Also, I forgot to mention this cool group that I haven't had a chance to visit myself yet:

Oakwood Community Center in Troy (building community through meals, food pantry, after school programs, learning events): http://www.oakwoodcommunitycenter.org/

City Mission in Schenectady
Trinity Alliance in Albany
Margination in Troy

The South End Children's Cafe serve healthy meals to kids and their families every day. I had the privilege to volunteer there yesterday for a little basketball coaching and found a wonderful, positive situation for kids who seemed happy to be there. They have an after school program and serve dinner to everyone there every night. (including the adults who pick their kids up)

http://www.southendchildrenscafe.com/

Capital Roots! We have been working for 40 years to reduce the impact of poor nutrition on public health in New York’s Capital Region by organizing community gardens, providing healthy food access, offering nutritional and horticultural education for all ages and coordinating urban greening programs in Albany, Rensselaer, Schenectady and southern Saratoga Counties.

Grass roots Givers in Albany super group, books for local kids and schools, clothing and household items to individuals and organizations in need. they have made Little Libaraies all over Albany for free books.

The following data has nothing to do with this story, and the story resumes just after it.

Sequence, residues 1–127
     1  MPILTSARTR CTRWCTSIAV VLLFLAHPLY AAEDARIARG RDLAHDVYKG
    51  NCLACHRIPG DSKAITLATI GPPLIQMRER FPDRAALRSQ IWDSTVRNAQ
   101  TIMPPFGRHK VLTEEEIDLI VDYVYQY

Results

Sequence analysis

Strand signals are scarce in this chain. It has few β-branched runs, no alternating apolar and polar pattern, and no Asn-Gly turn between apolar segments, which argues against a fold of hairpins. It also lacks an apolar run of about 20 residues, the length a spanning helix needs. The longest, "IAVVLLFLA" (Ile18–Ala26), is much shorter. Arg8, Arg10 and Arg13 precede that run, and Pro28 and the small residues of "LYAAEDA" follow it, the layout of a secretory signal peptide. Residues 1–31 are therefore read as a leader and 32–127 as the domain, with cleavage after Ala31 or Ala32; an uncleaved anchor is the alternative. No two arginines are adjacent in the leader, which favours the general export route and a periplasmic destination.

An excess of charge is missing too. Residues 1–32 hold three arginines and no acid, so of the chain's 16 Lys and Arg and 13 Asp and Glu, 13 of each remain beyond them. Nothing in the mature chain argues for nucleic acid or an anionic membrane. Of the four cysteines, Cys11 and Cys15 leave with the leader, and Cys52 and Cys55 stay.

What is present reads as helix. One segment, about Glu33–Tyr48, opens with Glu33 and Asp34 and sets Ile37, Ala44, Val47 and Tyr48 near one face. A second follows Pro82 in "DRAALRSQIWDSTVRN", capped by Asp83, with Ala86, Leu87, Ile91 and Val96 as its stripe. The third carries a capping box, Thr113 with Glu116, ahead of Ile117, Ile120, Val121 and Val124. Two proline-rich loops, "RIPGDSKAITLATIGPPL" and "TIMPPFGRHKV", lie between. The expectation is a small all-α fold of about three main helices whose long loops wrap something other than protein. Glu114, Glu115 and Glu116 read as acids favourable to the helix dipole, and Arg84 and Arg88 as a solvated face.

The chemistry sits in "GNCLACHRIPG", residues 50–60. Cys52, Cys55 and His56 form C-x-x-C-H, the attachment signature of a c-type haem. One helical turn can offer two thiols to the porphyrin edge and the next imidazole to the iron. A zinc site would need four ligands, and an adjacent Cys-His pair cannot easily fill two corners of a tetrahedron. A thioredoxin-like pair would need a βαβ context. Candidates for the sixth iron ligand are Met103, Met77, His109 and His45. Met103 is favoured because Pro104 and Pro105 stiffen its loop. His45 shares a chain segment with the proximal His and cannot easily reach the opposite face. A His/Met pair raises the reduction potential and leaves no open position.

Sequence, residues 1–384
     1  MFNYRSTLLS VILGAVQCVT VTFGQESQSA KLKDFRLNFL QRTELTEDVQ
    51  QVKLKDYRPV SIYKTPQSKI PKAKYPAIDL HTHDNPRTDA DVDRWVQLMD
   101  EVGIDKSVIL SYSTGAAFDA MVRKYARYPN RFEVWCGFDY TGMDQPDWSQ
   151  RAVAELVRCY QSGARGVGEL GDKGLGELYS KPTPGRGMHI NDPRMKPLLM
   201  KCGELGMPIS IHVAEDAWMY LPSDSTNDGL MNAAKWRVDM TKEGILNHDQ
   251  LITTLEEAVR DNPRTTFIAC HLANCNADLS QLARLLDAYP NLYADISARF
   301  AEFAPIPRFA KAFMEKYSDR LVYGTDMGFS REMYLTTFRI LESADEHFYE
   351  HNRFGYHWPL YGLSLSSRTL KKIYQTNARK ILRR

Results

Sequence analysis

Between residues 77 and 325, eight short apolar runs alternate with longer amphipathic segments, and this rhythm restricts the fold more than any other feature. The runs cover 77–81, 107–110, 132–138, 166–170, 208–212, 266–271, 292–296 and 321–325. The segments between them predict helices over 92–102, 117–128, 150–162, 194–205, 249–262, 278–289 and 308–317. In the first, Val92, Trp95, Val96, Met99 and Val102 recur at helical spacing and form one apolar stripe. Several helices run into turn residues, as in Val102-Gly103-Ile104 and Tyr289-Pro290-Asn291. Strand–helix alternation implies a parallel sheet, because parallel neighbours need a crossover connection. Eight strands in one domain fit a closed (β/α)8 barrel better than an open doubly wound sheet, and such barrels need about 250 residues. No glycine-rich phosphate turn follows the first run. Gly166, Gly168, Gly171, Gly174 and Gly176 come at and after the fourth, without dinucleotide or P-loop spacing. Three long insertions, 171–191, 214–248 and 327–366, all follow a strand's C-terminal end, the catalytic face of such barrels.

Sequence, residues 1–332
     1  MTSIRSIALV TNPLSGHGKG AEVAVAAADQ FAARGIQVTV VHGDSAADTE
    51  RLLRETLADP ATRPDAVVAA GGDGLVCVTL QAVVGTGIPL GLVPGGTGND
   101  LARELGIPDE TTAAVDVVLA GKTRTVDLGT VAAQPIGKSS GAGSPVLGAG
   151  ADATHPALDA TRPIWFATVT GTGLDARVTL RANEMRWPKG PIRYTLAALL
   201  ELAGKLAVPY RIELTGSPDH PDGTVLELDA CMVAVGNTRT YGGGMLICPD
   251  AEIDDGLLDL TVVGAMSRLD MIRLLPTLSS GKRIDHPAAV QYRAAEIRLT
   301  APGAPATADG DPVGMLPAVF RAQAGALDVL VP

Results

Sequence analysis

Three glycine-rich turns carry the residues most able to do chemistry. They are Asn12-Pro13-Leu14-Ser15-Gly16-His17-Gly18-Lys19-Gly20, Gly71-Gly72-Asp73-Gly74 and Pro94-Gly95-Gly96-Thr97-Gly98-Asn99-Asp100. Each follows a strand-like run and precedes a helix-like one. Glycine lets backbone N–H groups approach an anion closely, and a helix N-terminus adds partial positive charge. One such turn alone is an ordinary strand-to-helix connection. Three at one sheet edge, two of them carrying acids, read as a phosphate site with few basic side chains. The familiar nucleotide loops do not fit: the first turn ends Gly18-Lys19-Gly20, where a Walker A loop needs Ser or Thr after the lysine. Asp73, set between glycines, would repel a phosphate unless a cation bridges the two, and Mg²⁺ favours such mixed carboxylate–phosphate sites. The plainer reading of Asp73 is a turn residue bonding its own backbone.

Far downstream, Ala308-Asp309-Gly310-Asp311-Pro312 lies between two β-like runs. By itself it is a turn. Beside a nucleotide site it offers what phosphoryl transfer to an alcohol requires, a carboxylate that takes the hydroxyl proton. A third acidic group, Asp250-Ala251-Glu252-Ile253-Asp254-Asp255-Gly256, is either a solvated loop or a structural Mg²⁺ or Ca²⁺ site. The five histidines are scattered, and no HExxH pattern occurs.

BLC quilters make and donate handmade quilts all over the area. the quitls go to AMC childerns unit, chemo unit & hospice at St Peters, local faimlies in need and others

Mary's Corner (Albany and Cohoes) for diapers and other needed supplies for families in need with young children

Circle of Mercy
Washington St
Rensselaer

Circles was founded especially to help the women and children of the city and nearby environs. They are a VITA free tax preparation site, offer skills and technology classes for women reentering the work force, assistance with accessing social services, there's Kate's Closet - a place to donate and purchase gently used clothing, collection drives for back to school and Christmas, etc.

The YWCA of Northeastern NY, here in Schenectady is a fantastic organization for women and children. They have domestic violence shelters and lots of programs to help domestic violence victims have sustainable lives after getting out of their situations

So many places! Though I mainly know the ones in and around Schenectady.

Safe Inc. provides services to kids and teens who are vulnerable to sex trafficking: http://www.safeincofschenectady.org/home/donate-volunteer
COCOA House, which provides free after-school enrichment to disadvantaged students, is in danger of closing after 20 years: https://www.gofundme.com/cocoa-house-2016-fundraiser